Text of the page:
Discover great movies and shows to watch

agoodmovietowatch recommends highly-rated but little-known movies and shows.

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59 Best Movies & Shows Released in 2016 (Page 4)

An HBO show that's almost too suspenseful to watch. It stars Riz Ahmed as a kid who steals his father's cab to go to a party, only to later find himself tangled up in a crime. Everything leading up to his arrest, while not necessarily indicative of anything criminal, boasts cut-throat suspense. And that's the magic of this show, it's taking familiar crime story arcs, adding flawless acting and incredible writing, and perfecting the thrills. You'll want to binge this show but, if your anything like me, your heart might not be able to take it.

8.0

The Siege of Jadotville is a different kind of war movie. It doesn’t recount famous battles or portray renowned heroes - instead, it’s about heroes and events that went completely unnoticed. Namely, the Irish 35 Battalion ‘A’ Company - a group of youngsters who are sent out on a U.N mission to the Congo. What was supposed to be a simple positioning quickly becomes one of the most sought-after locations and the battalion of 150 ‘war-virgins” find themselves up against 3000 mercenaries led by experienced French commandants. And what a tribute this film is: it’s well-paced, powerfully shot, and the acting, led by Jamie Dornan on one side and Guillaume Canet on the other, is absolutely perfect.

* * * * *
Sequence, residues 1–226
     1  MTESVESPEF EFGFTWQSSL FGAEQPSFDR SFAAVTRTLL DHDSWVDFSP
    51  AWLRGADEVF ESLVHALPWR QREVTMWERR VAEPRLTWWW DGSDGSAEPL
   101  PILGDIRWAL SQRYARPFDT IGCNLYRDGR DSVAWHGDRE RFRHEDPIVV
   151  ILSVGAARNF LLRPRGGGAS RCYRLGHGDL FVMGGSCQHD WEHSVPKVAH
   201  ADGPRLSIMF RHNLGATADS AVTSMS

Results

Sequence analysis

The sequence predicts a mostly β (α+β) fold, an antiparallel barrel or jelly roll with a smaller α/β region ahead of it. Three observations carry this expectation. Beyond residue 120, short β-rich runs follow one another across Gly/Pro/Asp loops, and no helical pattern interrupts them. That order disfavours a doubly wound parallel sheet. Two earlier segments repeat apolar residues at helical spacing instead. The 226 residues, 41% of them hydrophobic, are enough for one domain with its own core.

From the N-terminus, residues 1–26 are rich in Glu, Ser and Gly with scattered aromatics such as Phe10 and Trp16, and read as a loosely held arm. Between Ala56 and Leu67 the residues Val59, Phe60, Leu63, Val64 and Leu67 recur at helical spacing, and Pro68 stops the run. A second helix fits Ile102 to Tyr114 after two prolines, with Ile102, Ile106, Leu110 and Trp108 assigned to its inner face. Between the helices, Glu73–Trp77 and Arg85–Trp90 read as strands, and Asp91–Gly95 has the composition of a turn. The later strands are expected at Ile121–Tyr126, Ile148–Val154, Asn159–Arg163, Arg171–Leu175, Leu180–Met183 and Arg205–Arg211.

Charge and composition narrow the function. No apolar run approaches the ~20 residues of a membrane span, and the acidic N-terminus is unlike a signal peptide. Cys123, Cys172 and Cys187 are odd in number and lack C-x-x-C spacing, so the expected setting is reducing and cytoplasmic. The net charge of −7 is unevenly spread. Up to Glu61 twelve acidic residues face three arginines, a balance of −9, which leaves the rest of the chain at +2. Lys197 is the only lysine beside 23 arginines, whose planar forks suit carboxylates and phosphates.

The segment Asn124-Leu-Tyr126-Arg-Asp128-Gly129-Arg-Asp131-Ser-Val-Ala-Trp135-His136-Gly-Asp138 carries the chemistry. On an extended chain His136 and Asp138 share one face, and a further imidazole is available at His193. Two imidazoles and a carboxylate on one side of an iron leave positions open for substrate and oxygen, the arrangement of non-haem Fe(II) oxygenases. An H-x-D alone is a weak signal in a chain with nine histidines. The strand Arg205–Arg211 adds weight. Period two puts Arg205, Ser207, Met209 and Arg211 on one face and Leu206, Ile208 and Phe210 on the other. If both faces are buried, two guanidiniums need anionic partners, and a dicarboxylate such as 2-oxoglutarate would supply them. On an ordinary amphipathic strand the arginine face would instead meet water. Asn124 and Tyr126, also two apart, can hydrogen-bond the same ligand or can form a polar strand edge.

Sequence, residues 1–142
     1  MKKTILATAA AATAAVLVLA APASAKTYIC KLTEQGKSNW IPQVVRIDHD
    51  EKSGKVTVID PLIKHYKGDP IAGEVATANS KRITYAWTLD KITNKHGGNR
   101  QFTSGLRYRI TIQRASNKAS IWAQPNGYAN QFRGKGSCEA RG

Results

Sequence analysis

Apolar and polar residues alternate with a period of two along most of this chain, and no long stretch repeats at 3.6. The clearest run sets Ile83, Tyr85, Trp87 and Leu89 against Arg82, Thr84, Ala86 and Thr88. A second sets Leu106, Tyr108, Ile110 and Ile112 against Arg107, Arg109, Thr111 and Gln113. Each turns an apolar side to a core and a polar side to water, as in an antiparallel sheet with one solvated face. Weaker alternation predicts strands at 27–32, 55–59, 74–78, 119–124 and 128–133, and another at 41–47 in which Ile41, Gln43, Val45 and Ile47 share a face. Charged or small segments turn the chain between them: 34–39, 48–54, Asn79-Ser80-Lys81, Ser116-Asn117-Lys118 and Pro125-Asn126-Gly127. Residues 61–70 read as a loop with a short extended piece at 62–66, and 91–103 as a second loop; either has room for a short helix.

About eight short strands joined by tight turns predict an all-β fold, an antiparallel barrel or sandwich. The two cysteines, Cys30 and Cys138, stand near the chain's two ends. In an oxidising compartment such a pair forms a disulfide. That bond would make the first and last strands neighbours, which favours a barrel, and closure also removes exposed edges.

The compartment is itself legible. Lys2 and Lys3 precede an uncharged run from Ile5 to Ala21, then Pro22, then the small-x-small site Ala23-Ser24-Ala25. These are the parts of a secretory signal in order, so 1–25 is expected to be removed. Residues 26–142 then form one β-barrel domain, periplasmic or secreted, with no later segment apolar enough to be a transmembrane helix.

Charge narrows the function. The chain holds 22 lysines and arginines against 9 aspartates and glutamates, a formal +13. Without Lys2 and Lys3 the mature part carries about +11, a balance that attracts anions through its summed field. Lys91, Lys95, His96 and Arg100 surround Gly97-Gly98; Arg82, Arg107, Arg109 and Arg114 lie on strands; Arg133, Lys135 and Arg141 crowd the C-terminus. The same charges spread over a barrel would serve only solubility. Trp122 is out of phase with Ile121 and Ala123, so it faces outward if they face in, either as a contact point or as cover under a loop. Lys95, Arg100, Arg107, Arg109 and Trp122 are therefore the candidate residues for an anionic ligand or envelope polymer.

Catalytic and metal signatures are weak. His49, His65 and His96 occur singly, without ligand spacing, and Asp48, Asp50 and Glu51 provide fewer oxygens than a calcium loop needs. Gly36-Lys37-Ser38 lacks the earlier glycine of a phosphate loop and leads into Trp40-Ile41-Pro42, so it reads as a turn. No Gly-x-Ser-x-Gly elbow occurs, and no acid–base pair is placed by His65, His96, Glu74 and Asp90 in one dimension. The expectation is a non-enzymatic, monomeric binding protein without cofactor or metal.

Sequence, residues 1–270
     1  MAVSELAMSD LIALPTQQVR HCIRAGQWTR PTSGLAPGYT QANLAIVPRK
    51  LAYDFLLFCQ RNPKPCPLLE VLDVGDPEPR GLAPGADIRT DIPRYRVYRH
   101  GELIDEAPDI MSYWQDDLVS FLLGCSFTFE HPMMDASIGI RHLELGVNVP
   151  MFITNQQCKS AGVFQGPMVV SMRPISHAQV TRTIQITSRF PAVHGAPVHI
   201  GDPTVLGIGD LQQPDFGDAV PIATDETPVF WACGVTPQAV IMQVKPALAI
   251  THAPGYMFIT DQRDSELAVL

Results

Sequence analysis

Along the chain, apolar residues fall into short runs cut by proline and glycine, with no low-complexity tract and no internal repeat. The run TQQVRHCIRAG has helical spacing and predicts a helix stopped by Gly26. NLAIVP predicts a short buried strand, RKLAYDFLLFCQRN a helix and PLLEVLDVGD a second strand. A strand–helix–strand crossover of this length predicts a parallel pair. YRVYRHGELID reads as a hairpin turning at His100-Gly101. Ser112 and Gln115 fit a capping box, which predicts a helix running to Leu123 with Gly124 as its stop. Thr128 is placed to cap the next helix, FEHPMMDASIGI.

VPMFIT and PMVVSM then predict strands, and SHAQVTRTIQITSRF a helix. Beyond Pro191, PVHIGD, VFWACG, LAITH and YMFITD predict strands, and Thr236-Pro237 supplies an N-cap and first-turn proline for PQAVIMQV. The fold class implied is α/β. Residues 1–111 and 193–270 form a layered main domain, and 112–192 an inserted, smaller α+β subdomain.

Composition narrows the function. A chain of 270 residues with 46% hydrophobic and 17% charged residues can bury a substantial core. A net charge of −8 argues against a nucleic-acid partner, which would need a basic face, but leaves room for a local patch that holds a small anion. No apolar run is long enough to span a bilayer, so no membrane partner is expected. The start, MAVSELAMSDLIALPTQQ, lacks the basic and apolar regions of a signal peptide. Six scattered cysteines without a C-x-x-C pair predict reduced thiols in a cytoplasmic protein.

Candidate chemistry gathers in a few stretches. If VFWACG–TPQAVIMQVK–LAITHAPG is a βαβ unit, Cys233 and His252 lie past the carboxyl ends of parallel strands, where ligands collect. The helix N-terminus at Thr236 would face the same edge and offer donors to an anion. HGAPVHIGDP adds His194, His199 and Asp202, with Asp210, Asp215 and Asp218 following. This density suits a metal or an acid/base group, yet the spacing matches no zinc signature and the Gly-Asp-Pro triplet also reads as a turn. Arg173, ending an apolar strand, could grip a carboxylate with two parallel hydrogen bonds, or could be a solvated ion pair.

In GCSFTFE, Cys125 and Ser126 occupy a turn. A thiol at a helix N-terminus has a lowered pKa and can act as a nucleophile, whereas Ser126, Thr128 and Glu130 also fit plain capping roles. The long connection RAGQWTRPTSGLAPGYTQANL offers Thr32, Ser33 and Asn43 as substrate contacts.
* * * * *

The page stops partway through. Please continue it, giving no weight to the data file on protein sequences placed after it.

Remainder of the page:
8.0

This movie is like thriller-candy. It is full of twists, it is very atmospheric, and in nicely predictable fashion it will deliver that excitement rush we (most of us) love. Accused of murder, a wealthy entrepreneur hires the best witness preparation expert he can find. They have three hours before the trial to come up with the most solid, plausible defence. But ?, a new witness surfaces. Don’t expect anything overly original, but expect to be entertained.

8.0

Paul Giamatti and Damian Lewis (Homeland) star opposite each other as a prosecutor and a billionaire suspect in this well-crafted drama. Axe is a venture-capitalist who lost his business partners in 9/11 and who is widely appreciated in the public eye for his charity work. He comes under scrutiny from a ruthless and unusual public prosecutor (Giamatti) after allegations of insider-trading. The two alpha-male types go head-to-head which makes for an immensely watchable fight.

7.9